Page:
I am currently reading a paper titled "Polystyrene Nanoplastics-Enhanced Contaminant Transport: Role of Irreversible Adsorption in Glassy Polymeric Domain" (link here).
In the paper, the authors mention the term 'desorption hysteresis' as the mechanism of the interaction between nanoplastics and contaminants. Here's the relevant excerpt (from the introduction section):
... at low nanoparticle (i.e., “carrier”) concentrations significant facilitated transport of organic contaminants requires not only strong adsorption of contaminants to the carriers, but also significant desorption hysteresis (a collective term referring to both slow desorption kinetics and thermodynamically irreversible adsorption) of contaminants from the carriers. Desorption hysteresis can either be due to the physical entrapment of contaminants in the complex matrices of the carriers, or strong specific adsorptive interactions that lead to irreversible binding of contaminants to the carriers.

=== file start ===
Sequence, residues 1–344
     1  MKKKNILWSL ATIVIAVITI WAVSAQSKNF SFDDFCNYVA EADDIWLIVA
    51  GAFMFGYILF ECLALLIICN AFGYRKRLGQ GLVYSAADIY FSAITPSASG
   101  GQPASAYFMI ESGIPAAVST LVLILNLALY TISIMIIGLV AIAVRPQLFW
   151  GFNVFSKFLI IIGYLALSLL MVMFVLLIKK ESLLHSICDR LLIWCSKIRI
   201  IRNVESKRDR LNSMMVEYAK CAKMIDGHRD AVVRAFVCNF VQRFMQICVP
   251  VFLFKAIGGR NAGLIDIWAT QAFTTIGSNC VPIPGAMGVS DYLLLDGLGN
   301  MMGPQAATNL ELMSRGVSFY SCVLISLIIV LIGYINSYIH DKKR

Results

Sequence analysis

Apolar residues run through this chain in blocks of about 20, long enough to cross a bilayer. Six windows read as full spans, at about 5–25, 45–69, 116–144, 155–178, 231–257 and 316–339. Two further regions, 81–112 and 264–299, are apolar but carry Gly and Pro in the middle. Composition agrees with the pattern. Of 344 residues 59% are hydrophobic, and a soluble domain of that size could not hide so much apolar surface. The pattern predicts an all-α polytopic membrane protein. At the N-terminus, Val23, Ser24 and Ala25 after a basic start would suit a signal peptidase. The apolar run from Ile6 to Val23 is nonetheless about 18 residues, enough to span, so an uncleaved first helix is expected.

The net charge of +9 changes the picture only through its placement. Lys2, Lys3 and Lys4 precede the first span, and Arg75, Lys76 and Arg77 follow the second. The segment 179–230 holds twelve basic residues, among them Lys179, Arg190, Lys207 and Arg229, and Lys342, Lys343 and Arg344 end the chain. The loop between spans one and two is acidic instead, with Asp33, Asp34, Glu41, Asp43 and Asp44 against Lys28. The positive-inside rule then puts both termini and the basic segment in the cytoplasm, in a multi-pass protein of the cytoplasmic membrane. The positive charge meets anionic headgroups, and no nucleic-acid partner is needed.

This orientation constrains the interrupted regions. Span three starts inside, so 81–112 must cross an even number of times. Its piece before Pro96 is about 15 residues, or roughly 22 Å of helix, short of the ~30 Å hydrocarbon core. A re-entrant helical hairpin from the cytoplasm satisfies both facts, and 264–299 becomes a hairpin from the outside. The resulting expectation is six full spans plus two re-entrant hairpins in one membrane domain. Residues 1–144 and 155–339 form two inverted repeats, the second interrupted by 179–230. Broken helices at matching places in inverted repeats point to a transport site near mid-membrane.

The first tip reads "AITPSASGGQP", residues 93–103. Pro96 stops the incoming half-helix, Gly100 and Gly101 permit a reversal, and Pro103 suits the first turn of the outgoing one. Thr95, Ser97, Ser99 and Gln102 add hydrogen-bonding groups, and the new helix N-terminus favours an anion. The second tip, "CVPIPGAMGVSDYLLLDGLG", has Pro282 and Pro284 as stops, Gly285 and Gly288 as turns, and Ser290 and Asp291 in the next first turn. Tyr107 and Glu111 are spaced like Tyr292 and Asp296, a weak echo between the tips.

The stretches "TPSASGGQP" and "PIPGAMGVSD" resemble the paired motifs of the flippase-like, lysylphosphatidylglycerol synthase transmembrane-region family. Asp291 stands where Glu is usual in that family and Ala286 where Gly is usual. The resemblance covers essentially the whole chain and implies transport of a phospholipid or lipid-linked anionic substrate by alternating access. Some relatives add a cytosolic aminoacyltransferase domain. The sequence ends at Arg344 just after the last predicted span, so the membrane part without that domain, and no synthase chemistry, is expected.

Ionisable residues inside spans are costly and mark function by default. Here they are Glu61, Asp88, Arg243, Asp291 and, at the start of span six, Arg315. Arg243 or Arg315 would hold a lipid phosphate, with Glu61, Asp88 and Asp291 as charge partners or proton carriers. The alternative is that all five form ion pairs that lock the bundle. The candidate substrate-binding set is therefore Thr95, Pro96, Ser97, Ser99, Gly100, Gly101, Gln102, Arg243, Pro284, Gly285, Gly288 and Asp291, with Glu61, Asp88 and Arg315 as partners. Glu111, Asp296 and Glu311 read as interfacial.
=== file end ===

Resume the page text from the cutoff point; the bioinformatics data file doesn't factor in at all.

I am having some difficulty in understanding what do they mean by adsorption hysteresis. From what I've read, hysteresis is how the system in its current state is related to some past state, but I don't understand this concept fully.
Could someone please explain what is desorption hysteresis? I couldn't even understand the explanation in parentheses (right after the term in bold above). Is it about the rate of desorption of contaminants from nanoparticles?